Hyprop and Attacq entered Ghana three years ago when they acquired the Accra Mall. They now jointly own stakes in four malls in Ghana, one in Zambia and one in Nigeria. Both management teams indicated at their respective results presentations earlier this year that they were not looking to grow their African portfolios.
But not everyone is running for cover. Mara Delta, the JSE’s only property play that is fully focused on Africa (excluding SA), and retail tycoon Christo Wiese’s Tradehold remain committed to the continent.
Tradehold’s £63m African portfolio represents 22% of total assets, the rest being predominantly UK property assets and a financial services business. The company’s African exposure is limited to Namibia, Mozambique, Botswana and Zambia, with the bulk of its development pipeline comprising two shopping centres in Namibia and two in Mozambique.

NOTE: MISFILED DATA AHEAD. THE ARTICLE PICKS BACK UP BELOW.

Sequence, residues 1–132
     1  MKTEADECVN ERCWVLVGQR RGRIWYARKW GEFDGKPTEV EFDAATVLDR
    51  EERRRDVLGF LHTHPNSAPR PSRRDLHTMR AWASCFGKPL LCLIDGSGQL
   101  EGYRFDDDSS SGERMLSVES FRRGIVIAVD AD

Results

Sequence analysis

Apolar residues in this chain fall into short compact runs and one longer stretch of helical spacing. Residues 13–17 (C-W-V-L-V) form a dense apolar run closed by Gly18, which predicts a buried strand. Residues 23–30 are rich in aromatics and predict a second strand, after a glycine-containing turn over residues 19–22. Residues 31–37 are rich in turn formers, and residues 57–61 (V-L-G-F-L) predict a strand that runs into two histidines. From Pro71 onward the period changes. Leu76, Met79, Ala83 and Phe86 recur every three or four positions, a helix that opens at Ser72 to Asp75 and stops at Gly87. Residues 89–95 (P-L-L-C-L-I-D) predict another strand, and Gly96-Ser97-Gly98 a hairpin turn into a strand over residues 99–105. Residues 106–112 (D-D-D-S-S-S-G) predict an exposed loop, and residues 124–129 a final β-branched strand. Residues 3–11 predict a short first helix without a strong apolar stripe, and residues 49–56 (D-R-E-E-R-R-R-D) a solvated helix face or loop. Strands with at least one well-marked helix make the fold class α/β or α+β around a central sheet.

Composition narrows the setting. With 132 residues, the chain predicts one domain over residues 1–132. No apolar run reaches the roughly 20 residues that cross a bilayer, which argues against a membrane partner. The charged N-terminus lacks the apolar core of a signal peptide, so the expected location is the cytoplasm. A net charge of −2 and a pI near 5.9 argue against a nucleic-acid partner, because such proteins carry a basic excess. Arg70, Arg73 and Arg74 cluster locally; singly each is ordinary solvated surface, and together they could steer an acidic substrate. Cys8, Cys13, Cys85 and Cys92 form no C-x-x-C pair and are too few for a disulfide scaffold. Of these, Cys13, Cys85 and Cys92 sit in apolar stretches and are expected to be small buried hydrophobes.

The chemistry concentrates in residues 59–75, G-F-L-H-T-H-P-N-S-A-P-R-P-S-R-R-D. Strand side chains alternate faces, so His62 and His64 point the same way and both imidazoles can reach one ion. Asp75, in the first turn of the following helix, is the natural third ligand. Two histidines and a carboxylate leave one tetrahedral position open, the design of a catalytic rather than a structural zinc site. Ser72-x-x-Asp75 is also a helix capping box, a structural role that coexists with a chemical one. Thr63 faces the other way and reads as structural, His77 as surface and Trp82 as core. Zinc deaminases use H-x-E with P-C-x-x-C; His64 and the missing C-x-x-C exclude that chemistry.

Tradehold joint CEO Friedrich Esterhuyse says the development
of all four shopping centres is going ahead as planned. He says the company is happy with the returns it has generated in Africa to date but that the focus is likely to shift increasingly to the UK.
Esterhuyse stresses that Africa is not a homogenous market. “Each country’s opportunities, risks and potential returns need to be assessed on its own merit. For instance, Namibia is stable and very similar to SA from a risk-return perspective.” But the deteriorating currency conversion and transfer risk in Mozambique is a big worry.